Also, the idea of a port is kinda old fashion in science fiction. By the time it shows up in cartoons, it is already old in literature, and it has been in cartoons for a while.

     
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  8. Veltman

    Veltman Active Member

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    With that out of the way, what you you guys think about the other elements?
     
  9. 18-Till-I-Die

    18-Till-I-Die Banned

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    Another option, in my opinion, is a kind of genetically engineered armor. Like living armor, like the shell of a turtle, organisms bred to connect to and live off of the super soldiers like parasites so the armor depends on them and they depend on it. They become one being, in a sense. I know that's a bit more in the realm of "biopunk" than the space opera feel, but I always thought the idea was kinda cool--like, when not in the armor, the armor exists as individual entities onto itself which obey their master almost like pets. But when armored, they become a single being, a consciousness that encompasses both the armor and the warrior, with like maybe an extra brain for a greater degree of intelligence and external muscle layers for greater strength and speed, ablative shells for armor, bio-electrical generating organs as a kind of weapon, and so on.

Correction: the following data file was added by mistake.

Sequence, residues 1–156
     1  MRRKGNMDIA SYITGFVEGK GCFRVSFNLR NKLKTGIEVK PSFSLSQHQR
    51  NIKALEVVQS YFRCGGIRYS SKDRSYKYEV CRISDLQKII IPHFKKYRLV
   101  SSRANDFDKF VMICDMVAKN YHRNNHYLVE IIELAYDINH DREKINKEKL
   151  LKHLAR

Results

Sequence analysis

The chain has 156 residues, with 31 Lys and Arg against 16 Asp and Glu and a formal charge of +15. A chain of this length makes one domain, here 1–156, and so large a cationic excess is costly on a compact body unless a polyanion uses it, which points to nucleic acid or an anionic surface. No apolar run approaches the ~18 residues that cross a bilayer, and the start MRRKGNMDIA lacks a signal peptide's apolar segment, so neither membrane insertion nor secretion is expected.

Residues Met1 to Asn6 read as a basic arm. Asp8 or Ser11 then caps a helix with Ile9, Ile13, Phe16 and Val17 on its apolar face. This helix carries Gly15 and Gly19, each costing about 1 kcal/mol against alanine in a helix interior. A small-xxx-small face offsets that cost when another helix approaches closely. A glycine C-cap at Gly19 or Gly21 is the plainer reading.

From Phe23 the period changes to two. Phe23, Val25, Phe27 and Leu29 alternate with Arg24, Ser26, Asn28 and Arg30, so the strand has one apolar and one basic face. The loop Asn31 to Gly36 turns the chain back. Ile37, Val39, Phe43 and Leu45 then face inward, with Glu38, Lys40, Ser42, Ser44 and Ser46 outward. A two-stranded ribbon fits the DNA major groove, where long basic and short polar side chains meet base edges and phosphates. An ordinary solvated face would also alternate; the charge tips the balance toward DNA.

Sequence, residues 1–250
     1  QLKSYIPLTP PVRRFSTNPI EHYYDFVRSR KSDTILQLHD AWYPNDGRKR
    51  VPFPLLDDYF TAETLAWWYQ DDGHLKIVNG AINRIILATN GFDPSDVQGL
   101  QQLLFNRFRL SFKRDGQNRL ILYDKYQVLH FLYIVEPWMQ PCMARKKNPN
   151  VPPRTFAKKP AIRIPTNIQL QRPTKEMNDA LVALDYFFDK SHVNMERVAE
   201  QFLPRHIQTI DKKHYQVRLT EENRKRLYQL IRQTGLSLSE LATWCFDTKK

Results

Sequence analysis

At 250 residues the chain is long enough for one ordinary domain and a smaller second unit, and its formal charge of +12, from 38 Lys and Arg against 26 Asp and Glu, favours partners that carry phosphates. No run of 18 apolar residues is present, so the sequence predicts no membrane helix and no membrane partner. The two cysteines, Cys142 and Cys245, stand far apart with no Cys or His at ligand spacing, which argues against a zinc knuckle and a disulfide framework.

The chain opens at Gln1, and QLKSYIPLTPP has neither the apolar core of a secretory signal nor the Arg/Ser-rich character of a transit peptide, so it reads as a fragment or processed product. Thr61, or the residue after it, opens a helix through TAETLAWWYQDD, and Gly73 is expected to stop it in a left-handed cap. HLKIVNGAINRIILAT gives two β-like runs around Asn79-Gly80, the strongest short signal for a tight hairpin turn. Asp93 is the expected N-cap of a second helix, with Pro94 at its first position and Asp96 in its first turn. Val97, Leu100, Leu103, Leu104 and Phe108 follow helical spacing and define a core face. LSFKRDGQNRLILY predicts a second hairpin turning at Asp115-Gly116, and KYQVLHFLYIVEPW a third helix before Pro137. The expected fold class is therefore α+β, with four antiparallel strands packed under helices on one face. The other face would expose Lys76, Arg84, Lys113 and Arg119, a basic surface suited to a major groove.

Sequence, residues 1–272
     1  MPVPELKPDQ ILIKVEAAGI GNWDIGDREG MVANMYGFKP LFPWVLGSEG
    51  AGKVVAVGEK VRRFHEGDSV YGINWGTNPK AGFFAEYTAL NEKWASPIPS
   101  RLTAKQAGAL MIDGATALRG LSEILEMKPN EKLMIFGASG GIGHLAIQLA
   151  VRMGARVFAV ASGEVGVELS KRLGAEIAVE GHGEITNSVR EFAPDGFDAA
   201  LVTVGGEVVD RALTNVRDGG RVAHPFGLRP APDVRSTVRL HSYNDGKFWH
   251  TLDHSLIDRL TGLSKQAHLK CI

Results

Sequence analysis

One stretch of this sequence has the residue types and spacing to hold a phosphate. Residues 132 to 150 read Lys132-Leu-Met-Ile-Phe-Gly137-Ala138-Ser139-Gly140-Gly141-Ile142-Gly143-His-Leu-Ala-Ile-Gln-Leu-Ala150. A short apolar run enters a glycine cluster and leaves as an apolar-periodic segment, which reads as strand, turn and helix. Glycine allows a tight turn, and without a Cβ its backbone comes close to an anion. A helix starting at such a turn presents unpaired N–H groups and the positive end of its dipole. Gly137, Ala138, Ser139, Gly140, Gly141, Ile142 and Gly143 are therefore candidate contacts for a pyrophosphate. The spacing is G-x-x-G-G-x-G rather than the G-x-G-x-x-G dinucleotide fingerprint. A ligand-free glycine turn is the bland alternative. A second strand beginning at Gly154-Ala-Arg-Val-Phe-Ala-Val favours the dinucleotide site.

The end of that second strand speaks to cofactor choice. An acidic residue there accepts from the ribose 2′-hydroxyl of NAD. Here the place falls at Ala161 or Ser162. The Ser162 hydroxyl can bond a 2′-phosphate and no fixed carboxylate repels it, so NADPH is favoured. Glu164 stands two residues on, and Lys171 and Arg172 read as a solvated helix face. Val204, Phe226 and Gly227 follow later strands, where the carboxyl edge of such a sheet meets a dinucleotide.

Anyway, I think it sounds cool, sue me :p
     
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  10. 18-Till-I-Die

    18-Till-I-Die Banned

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    Also thanks for the ExoSquad reference...